Materials and mechanics for stretchable electronics

Research output: Contribution to journalReview article

2369 Citations (Scopus)

Abstract

Recent advances in mechanics and materials provide routes to integrated circuits that can offer the electrical properties of conventional, rigid wafer-based technologies but with the ability to be stretched, compressed, twisted, bent, and deformed into arbitrary shapes. Inorganic and organic electronic materials in microstructured and nanostructured forms, intimately integrated with elastomeric substrates, offer particularly attractive characteristics, with realistic pathways to sophisticated embodiments. Here, we review these strategies and describe applications of them in systems ranging from electronic eyeball cameras to deformable light-emitting displays. We conclude with some perspectives on routes to commercialization, new device opportunities, and remaining challenges for research.

Original languageEnglish (US)
Pages (from-to)1603-1607
Number of pages5
JournalScience
Volume327
Issue number5973
DOIs
StatePublished - Mar 26 2010

Fingerprint

Mechanics
Technology
Light
Equipment and Supplies
Research
elastomeric

ASJC Scopus subject areas

  • General

Cite this

Rogers, John A. ; Someya, Takao ; Huang, Yonggang. / Materials and mechanics for stretchable electronics. In: Science. 2010 ; Vol. 327, No. 5973. pp. 1603-1607.
@article{c8a714f52dba4259bfc08e1554a48761,
title = "Materials and mechanics for stretchable electronics",
abstract = "Recent advances in mechanics and materials provide routes to integrated circuits that can offer the electrical properties of conventional, rigid wafer-based technologies but with the ability to be stretched, compressed, twisted, bent, and deformed into arbitrary shapes. Inorganic and organic electronic materials in microstructured and nanostructured forms, intimately integrated with elastomeric substrates, offer particularly attractive characteristics, with realistic pathways to sophisticated embodiments. Here, we review these strategies and describe applications of them in systems ranging from electronic eyeball cameras to deformable light-emitting displays. We conclude with some perspectives on routes to commercialization, new device opportunities, and remaining challenges for research.",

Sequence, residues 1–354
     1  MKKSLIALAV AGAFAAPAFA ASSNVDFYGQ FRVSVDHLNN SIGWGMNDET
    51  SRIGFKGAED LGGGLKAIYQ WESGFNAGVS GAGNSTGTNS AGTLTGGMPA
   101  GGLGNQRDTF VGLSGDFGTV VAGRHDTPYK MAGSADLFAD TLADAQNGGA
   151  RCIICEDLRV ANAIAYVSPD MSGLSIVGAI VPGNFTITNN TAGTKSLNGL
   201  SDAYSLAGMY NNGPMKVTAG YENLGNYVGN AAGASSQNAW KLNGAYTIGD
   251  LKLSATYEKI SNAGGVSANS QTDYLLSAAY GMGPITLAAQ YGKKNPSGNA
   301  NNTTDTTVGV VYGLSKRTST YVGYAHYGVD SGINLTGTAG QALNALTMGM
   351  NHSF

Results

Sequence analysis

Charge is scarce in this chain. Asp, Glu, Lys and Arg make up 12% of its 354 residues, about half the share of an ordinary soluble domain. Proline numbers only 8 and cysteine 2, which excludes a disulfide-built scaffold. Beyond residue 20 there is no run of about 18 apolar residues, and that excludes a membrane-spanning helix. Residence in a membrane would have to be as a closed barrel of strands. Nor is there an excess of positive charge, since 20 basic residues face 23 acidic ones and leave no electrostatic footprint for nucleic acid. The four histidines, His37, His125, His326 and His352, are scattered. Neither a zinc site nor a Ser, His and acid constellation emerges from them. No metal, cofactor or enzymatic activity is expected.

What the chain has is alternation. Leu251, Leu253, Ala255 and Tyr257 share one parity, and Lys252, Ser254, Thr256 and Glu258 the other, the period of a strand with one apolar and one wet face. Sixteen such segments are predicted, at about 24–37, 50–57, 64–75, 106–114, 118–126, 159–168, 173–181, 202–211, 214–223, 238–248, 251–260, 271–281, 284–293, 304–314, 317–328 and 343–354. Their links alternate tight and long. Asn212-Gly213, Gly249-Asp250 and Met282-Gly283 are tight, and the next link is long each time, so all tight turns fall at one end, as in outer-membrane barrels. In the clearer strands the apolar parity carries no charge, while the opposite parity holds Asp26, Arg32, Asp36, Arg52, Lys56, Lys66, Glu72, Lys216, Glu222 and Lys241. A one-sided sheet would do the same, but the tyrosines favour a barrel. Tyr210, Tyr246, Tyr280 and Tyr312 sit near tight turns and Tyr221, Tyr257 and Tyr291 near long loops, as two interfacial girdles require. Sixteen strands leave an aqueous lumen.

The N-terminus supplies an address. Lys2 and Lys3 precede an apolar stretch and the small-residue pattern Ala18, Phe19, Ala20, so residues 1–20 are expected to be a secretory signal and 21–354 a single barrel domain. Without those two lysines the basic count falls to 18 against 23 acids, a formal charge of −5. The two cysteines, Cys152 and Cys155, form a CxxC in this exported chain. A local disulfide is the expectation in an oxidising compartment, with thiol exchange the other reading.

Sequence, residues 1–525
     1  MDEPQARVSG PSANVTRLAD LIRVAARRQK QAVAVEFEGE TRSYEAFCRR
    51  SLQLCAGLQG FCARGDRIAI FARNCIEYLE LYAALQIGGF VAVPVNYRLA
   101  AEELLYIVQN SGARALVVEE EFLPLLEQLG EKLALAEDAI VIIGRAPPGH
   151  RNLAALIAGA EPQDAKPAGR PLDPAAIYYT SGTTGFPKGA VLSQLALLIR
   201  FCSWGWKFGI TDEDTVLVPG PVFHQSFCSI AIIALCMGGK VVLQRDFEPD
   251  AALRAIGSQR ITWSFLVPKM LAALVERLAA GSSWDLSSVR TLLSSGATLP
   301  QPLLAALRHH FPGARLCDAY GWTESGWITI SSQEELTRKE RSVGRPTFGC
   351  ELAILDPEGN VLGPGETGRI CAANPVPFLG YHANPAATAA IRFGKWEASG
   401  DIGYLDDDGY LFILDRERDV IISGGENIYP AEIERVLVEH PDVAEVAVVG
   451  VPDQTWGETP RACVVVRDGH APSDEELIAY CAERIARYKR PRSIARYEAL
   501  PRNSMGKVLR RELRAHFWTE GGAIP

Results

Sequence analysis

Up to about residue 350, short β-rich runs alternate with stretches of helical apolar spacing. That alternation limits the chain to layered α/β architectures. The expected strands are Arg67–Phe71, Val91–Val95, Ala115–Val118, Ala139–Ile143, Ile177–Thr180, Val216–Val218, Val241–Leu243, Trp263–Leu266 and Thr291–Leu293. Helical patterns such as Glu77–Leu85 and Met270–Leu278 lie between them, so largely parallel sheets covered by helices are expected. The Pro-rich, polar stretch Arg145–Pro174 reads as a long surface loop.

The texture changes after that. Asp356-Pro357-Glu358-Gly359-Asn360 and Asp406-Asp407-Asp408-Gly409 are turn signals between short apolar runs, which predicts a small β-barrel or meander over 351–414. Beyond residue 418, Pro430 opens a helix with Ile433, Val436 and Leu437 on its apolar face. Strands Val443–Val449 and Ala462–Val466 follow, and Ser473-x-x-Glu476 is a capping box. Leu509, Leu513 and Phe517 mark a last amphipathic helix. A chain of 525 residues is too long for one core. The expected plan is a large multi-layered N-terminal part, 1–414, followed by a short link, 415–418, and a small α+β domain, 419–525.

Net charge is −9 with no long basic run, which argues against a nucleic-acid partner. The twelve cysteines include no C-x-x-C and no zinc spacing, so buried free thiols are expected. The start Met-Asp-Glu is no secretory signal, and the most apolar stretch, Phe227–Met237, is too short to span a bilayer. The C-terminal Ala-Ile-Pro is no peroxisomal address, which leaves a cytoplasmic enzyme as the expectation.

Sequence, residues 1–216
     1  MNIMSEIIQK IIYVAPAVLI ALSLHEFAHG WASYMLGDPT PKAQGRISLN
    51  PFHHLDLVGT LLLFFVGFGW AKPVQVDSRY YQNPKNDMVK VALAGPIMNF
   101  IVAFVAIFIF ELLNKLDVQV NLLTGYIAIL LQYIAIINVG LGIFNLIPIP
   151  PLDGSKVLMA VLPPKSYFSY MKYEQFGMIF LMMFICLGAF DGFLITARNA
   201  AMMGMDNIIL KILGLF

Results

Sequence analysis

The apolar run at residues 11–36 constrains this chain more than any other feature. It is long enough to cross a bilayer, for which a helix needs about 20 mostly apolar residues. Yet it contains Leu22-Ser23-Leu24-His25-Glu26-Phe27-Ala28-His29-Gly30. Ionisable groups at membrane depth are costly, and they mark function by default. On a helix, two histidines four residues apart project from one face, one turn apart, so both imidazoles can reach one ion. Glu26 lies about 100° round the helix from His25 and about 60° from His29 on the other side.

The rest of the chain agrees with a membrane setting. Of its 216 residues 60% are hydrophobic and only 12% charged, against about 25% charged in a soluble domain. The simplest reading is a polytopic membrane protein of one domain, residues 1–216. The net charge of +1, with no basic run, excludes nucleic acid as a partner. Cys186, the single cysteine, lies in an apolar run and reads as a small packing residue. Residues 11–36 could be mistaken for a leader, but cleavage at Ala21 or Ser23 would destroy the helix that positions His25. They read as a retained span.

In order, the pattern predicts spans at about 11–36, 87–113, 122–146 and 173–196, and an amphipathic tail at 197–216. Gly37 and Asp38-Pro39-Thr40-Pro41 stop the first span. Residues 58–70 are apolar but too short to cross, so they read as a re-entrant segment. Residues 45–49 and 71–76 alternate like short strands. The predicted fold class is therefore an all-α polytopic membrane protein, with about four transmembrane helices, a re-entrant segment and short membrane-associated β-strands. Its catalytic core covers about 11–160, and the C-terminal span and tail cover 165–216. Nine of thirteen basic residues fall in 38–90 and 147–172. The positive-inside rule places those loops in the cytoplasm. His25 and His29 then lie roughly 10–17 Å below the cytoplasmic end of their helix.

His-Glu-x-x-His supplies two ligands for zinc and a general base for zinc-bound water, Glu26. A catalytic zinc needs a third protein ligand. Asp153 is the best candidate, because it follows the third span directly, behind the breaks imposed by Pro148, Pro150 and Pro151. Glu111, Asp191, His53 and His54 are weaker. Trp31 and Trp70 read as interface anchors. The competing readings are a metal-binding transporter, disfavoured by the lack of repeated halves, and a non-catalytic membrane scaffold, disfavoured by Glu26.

author = "Rogers, {John A.} and Takao Someya and Yonggang Huang",
year = "2010",
month = "3",
day = "26",
doi = "10.1126/science.1182383",
language = "English (US)",
volume = "327",
pages = "1603--1607",
journal = "Science",
issn = "0036-8075",
publisher = "American Association for the Advancement of Science",
number = "5973",

}

Materials and mechanics for stretchable electronics. / Rogers, John A.; Someya, Takao; Huang, Yonggang.

In: Science, Vol. 327, No. 5973, 26.03.2010, p. 1603-1607.

Research output: Contribution to journalReview article

TY - JOUR

T1 - Materials and mechanics for stretchable electronics

AU - Rogers, John A.

AU - Someya, Takao

AU - Huang, Yonggang

PY - 2010/3/26

Y1 - 2010/3/26

N2 - Recent advances in mechanics and materials provide routes to integrated circuits that can offer the electrical properties of conventional, rigid wafer-based technologies but with the ability to be stretched, compressed, twisted, bent, and deformed into arbitrary shapes. Inorganic and organic electronic materials in microstructured and nanostructured forms, intimately integrated with elastomeric substrates, offer particularly attractive characteristics, with realistic pathways to sophisticated embodiments. Here, we review these strategies and describe applications of them in systems ranging from electronic eyeball cameras to deformable light-emitting displays. We conclude with some perspectives on routes to commercialization, new device opportunities, and remaining challenges for research.

AB - Recent advances in mechanics and materials provide routes to integrated circuits that can offer the electrical properties of conventional, rigid wafer-based technologies but with the ability to be stretched, compressed, twisted, bent, and deformed into arbitrary shapes. Inorganic and organic electronic materials in microstructured and nanostructured forms, intimately integrated with elastomeric substrates, offer particularly attractive characteristics, with realistic pathways to sophisticated embodiments. Here, we review these strategies and describe applications of them in systems ranging from electronic eyeball cameras to deformable light-emitting displays. We conclude with some perspectives on routes to commercialization, new device opportunities, and remaining challenges for research.

UR - http://www.scopus.com/inward/record.url?scp=77950214388&partnerID=8YFLogxK

UR - http://www.scopus.com/inward/citedby.url?scp=77950214388&partnerID=8YFLogxK

U2 - 10.1126/science.1182383

DO - 10.1126/science.1182383

M3 - Review article

VL - 327

SP - 1603

EP - 1607

JO - Science

JF - Science

SN - 0036-8075

IS - 5973

ER -